And so it's February -- the month where so much focus is placed on our love interests. A concept I'm certainly not against, since I proposed to my wife at this time of year several years ago now. But this year, I'd like to issue a challenge to seriously consider other matters of the heart during this month. In particular, I'd like you to consider your heart's health. Typically, in early January, most North Americans proclaim their well-intentioned New Year's resolutions, but within a few short weeks the resolution war is lost, and we renege on the resolutions we made.
In their January edition, Time magazine listed the 10 resolutions that are most commonly made and broken annually. Of the top 10, health issues such as losing weight and getting fit, quitting smoking, eating healthier, and drinking less all ranked highly. In essence, four of the top 10 resolutions made annually by North Americans directly or indirectly has something to do with heart health.
This year, more than any other, heart health is on my mind. In the past 10 days, two men I've known for years have passed away from heart attacks -- one being my brother-in-law, the other a good friend and mentor. Their loss is truly unfortunate and deeply profound to their family and friends.
Unfortunately for many of us, more often than not we understand that we should be doing something to curb our waistlines and improve our heart health, but we aren't motivated enough to actually sustain our efforts. Maybe it's because deep down, we are in denial -- we believe we won't be the next one to suffer the same fate my brother-in-law and my good friend just suffered.
Several years ago, I was in the same boat. I was several pounds overweight -- I knew it, and in many ways I wanted to make changes in my life. I wanted to lose weight and gain a more youthful approach to life. But I had fallen into a lifestyle of indulgence: too much good food, too much wine, not enough exercise, and too many insincere reasons why I couldn't make the changes. It all hampered my resolution efforts. Only when I suffered a small stroke did I realize, "It could be you next, Tom. You were lucky. You'd better get after your waistline issue if you want to live healthier, happier, and longer!"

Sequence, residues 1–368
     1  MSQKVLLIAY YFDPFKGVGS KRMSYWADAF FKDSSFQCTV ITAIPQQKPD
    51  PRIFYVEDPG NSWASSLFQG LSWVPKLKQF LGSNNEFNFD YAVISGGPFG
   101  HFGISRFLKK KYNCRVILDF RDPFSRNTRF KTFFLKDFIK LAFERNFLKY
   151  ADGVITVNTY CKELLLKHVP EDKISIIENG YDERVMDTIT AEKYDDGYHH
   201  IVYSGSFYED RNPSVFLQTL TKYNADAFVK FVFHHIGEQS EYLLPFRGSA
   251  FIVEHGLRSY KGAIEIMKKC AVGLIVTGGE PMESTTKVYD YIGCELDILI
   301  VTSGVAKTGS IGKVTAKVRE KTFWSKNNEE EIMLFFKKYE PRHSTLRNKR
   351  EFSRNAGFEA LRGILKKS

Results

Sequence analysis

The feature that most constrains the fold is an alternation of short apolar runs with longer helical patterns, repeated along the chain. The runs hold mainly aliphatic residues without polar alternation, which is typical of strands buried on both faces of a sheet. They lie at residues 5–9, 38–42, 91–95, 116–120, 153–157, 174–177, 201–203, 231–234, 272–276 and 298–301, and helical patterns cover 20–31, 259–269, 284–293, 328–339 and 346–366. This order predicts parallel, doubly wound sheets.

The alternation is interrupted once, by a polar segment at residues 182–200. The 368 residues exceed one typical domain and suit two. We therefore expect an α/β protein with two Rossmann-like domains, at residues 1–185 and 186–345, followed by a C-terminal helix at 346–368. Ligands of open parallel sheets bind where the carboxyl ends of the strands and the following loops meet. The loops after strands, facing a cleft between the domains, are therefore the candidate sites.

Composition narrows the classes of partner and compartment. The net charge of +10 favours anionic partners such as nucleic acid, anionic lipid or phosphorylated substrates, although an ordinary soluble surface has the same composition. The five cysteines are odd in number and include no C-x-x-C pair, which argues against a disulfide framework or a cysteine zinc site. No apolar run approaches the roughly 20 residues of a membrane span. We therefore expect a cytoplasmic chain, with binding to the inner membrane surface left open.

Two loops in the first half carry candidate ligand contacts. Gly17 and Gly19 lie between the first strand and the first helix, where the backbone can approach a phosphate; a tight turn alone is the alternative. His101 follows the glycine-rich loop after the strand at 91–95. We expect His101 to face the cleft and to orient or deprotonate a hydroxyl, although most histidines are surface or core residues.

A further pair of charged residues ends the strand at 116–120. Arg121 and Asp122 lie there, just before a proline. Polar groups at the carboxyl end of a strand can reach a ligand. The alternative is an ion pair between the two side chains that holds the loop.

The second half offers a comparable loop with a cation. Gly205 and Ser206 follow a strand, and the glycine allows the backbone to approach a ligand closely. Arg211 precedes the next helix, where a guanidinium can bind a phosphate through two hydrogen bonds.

You know statistics clearly indicate that obesity has become a rampant epidemic across North America. The American Center for Disease Control and Prevention reports the American public has an obesity rate of about 35 percent. In Canada, obesity rates are bulging as well, with about 25 per cent of Canadian adults being classed as obese and 37 percent as overweight. The cause of this obesity is clear: rich foods, increased alcohol consumption, and more sedentary lifestyles.
So, what to do? Well, for me, it was a choice. Did I want to live to see my grandchildren? Did I want to live a productive and healthy life? Did I want to leave a lasting legacy to my children, family, and friends of what a healthy and productive life could look like? The answer was YES!
And so I embarked on sustainable change in my life. Change that included revamping my eating habits -- more good veggies, less meat, less fat, and more sustainable exercises. No more fad diets, no more extreme weight loss exercise programs that made me hurt from my toes to my nose! Sustainable healthy eating combined with sustainable healthy exercising, including making sure I walk 10,000 steps a day, have helped me lose more than 70 pounds over the past three years. I feel better, I look better, and I know I can live this healthy lifestyle now and in the future.
Unfortunately, it took a small stroke to get my attention a few years back. Fortunately for me, though, that stroke did not take my life or leave me with physical damage that my family and I would have to deal with for years to come. It served as my wake-up call. Happily, I can say I've answered that call. The question is, will you answer your call, before you become a victim of heart and stroke disease? I hope so.
February is Heart Month in Canada. For those of you who pledge to lose weight and get in better shape this year, I encourage you to stay true to your resolution -- make sustainable changes in your lives so you can achieve the goals you know you should. Be around for many more romantic Valentine's Days with the ones you love. The gift of life... the most important gift we're given!